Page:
The Metals Studios - comprised of the Blacksmith Shop, Foundry, Small Metals/Restoration Lab, and Design Lab - provide educational opportunities for emerging and advanced metalsmiths while also providing the general public with demonstrations, classes, and other opportunities to engage with working artists. Through commissions and repairs, the Museum's artists preserve and advance the filed by bridging traditional metalworking processes with contemporary technologies and new innovations. This is achieved through the Museum's apprenticeship and internship programs, conferences, visiting artists, community education, and the commitment to undertaking unique or unusual projects.

Population(s) Served
Adults

Community Education and Engagement programming offers a variety of on-site and off-site programs for youth and adults. On-site classes in the Museum's Smithy and Foundry are open to beginner and intermediate students while specialized conferences are offered for advanced students. Educational tours of exhibitions are offered for schools, organizations, and corporations. Public gallery talks invite the community to learn more about artwork on display as well as techniques and processes. Hands-on activities for all ages occur both on-site and off-site throughout the year. Off-site engagement and participation occurs through the M4 (Mini Mobile Metal Museum), which is taken into the community for blacksmithing and casting demonstrations and hands-on activities. The Museum facilitates partnership programs with schools and other nonprofits through the Metal Museum Youth Initiative, which introduces new generations to the art and craft of metalsmithing.

Population(s) Served
Children and youth
Adults

Where we work

Affiliations & memberships

American Alliance of Museums - Member 2019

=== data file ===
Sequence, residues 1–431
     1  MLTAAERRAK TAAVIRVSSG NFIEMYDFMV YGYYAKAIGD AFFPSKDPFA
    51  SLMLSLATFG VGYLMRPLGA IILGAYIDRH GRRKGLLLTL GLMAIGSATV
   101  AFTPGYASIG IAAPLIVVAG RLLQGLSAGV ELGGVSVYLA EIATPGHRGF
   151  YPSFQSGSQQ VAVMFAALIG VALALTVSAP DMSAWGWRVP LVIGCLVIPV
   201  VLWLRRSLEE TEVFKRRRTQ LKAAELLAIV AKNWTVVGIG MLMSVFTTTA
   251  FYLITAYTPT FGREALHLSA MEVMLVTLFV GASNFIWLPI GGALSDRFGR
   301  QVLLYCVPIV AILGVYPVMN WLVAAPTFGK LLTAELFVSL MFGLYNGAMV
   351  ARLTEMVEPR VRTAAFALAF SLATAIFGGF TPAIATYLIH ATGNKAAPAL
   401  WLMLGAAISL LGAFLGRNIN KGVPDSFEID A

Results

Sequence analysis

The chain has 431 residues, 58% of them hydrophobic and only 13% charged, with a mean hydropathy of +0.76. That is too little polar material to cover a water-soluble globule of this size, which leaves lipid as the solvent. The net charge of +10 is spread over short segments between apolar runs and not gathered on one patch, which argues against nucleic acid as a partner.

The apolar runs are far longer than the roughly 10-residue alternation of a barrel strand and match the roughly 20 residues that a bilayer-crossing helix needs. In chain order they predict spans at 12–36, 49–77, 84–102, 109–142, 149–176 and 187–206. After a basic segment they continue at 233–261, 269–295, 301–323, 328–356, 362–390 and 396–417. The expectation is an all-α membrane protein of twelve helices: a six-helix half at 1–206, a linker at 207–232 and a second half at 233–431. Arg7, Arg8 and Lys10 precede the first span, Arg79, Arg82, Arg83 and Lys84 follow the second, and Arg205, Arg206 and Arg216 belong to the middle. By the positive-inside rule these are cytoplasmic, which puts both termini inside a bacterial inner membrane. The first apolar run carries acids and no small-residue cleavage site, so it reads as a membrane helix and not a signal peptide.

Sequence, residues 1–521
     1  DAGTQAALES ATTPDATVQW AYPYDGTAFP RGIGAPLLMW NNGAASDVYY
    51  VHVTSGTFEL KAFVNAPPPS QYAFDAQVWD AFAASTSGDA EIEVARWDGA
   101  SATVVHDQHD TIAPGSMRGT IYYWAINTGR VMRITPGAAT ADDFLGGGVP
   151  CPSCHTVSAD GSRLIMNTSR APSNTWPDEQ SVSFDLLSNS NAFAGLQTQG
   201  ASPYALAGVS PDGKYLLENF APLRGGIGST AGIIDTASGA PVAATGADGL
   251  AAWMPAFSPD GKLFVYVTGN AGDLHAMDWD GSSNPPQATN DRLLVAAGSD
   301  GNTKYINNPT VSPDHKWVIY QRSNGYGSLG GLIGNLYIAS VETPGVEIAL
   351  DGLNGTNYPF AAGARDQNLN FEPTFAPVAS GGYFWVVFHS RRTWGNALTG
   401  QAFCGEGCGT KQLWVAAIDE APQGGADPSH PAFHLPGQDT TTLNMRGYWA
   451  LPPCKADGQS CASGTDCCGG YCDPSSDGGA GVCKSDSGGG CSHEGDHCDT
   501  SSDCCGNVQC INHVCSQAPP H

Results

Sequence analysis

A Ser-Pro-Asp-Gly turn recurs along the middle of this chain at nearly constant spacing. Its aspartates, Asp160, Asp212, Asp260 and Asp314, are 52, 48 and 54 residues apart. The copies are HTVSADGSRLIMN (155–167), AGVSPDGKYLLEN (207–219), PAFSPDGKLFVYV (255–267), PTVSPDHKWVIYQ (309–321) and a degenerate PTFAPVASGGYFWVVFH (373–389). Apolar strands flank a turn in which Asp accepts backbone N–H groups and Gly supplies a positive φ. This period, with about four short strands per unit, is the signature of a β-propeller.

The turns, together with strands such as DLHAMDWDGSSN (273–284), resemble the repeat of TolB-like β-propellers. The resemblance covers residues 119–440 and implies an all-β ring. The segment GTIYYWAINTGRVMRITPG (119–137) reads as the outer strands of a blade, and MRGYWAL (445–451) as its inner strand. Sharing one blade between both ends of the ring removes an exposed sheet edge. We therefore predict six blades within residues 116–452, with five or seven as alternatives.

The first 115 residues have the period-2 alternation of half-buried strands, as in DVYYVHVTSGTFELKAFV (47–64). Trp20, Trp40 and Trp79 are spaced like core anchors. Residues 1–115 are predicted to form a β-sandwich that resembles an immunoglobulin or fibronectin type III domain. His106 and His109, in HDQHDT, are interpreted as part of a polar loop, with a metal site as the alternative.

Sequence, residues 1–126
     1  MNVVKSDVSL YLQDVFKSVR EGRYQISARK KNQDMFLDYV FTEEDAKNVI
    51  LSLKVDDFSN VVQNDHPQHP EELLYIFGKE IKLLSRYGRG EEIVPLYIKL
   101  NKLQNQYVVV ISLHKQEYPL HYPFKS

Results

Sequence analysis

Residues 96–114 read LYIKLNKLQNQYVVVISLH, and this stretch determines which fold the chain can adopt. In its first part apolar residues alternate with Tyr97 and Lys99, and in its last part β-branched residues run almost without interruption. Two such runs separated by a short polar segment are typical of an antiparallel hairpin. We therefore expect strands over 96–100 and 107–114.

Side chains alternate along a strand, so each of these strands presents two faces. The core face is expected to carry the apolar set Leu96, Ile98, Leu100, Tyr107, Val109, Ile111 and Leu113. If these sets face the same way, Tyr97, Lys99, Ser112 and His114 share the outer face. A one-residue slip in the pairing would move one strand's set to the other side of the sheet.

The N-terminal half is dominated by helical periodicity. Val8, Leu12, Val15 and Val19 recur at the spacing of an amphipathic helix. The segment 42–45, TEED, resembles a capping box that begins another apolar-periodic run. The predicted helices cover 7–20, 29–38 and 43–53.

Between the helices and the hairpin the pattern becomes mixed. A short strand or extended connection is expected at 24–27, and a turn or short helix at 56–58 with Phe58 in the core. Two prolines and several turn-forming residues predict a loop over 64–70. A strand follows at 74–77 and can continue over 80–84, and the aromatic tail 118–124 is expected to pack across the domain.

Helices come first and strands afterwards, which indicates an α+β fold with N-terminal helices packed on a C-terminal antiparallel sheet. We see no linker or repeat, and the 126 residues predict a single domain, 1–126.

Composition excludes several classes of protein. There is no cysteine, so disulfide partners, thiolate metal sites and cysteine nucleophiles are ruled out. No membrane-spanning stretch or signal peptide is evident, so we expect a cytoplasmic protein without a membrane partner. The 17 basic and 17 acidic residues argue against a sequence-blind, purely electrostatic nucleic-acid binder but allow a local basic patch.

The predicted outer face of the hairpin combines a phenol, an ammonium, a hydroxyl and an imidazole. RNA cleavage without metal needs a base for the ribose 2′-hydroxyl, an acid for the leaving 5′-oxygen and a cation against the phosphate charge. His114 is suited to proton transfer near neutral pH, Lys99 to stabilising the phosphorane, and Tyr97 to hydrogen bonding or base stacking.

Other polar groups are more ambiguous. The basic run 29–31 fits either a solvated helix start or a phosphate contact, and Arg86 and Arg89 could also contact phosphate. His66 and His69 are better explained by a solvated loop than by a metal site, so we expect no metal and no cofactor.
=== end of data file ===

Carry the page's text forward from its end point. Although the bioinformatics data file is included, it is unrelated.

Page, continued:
Memphis Convention & Visitors Bureau 2019

Tennesseans for the Arts Member 2019

Tennessee Association of Museums 2019

Momentum Nonprofit Partners 2019

Our results

SOURCE: Self-reported by organization

How does this organization measure their results? It's a hard question but an important one.

Total number of paid admissions

This metric is no longer tracked.
Totals By Year
Population(s) Served

Adults

Type of Metric

Output - describing our activities and reach

Direction of Success

Increasing

Context Notes

Like many organizations, the Metal Museum saw a significant decline in paid admission since 2020 due to the COVID-19 pandemic.

Total number of artists served

This metric is no longer tracked.
Totals By Year
Population(s) Served

Artists and performers

Type of Metric

Output - describing our activities and reach

Direction of Success

Holding steady

Context Notes

The estimated number of artists served by all programs.

Number of Facebook followers

This metric is no longer tracked.
Totals By Year
Population(s) Served

Adults

Type of Metric

Output - describing our activities and reach

Direction of Success

Increasing

Total number of works exhibited

This metric is no longer tracked.
Totals By Year
Population(s) Served

Adults

Related Program

Exhibitions

Type of Metric

Output - describing our activities and reach

Direction of Success

Holding steady

Context Notes

The number of objects on display in temporary exhibitions. An estimated additional 250 objects are displayed in permanent collection galleries.

Total number of works acquired this year

This metric is no longer tracked.
Totals By Year
Population(s) Served

Adults

Related Program

Collections

Type of Metric

Output - describing our activities and reach

Direction of Success

Decreasing

Total number of classes offered

This metric is no longer tracked.
Totals By Year
Population(s) Served

Adults

Type of Metric

Output - describing our activities and reach

Direction of Success

Holding steady